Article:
Monday, June 25, 2012
Questions concerning the prosecution of grievances and whether the compliant is grievable is for the arbitrator to resolve
Hartsdale Fire Dist. v Greenburgh Uniform Firefighters Assn., Inc., Local 1586, IAFF, AFL-CIO, 55 AD3d 731
The collective bargaining agreement between the Hartsdale Fire District and the Greenburgh Uniform Firefighters Association contained a broad arbitration clause providing for the arbitration of disputes "concerning the meaning, application or interpretation of this Agreement, which remains unresolved after presentation to, and processing through the grievance procedure."
Hartsdale resisted the Association’s demand for arbitration, contending that (a) the underlying grievance was not subject to arbitration; that the Association had not satisfied the procedural steps with respect to the grievance procedure; and (3) that only a unit member, rather than the Association, could file a grievance and demand arbitration.
Supreme Court dismissed Hartsdale’s petition seeking a permanent stay of arbitration and the Appellate Division affirmed the lower court’s holding.
The Appellate Division said that there was “a reasonable relationship between the subject the disputes, which involves the [Association’s] grievances over the [Hartdale’s] directives that the [Association’s] union members work and train in a fire-damaged firehouse before the firehouse was fully repaired, and the general subject the collective bargaining agreement.” Further, said the court, the CBA does not specifically exclude from arbitration the subject the grievances that concern public health and the safety of public employees. Accordingly, said the court, the question of the scope of the substantive provisions of the CBA is a contract interpretation and application reserved for the arbitrator.
As to Hartsdale’s claim that the Association failed to comply with a condition precedent before demanding arbitration, the Appellate Division pointed out that, in general, “disputes over the parties' adherence to the grievance procedure set forth in the parties' CBA is for the arbitrator to determine, not for the courts.”
Finally, said the Appellate Division, Hartdale’s claim that “grievances must be pursued only by individual employees, rather than by the [Association], especially in light of the [Association’s] contention that [Hartsdale] has a past practice of hearing grievances pursued solely by the [Association], is a matter for the arbitrator to resolve.”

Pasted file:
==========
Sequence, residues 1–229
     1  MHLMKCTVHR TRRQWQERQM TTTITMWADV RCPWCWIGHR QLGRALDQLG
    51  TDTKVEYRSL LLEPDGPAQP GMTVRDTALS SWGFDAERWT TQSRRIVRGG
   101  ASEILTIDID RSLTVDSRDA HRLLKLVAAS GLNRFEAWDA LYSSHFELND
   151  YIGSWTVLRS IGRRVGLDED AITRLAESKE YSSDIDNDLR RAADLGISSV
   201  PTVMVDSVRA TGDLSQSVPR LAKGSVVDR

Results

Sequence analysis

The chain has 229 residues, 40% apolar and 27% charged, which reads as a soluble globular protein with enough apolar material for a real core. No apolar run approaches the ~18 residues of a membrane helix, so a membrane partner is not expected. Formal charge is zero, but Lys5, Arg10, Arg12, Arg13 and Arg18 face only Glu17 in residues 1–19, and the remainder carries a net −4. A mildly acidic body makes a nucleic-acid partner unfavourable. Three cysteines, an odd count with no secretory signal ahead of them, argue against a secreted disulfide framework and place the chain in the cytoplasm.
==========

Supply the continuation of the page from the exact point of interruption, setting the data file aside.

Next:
As to Hartsdale’s representation that only the aggrieved employee could file a grievance, in general, making a decision to file a grievance typically is viewed as vested in the employee organization and not an individual member of the negotiating unit. Further, the Association argued that it “owned the right to go to arbitration” which is the traditional view in such situations.
In Hickey v Hempstead Union Free School District, 36 A.D.3d 760, the Appellate Division said that a union member generally has no individual rights under a collective bargaining agreement that he or she can enforce against an employer. In the absence of a contract provision stating otherwise, an employee may proceed directly against the employer only when the union fails in its duty of fair representation and "In order to establish a breach of the duty of fair representation, it is necessary to show that the union's refusal to demand that the grievance go to arbitration was arbitrary, discriminatory, or in bad faith."
As to the alleged “past practice” whereby only individuals filed grievances, it is unlikely that such a practice would be viewed as a union’s abandoning or forfeiting its right to file grievances and demand arbitration with respect to alleged violations of the collective bargaining agreement.
The full text of the Hartsdale decision is posted on the Internet at:
The full text of the Hickey decision is posted on the Internet at:
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Challenging Adverse Personnel Decisions at http://nypplarchives.blogspot.com
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Layoff, Preferred Lists at http://nylayoff.blogspot.com/
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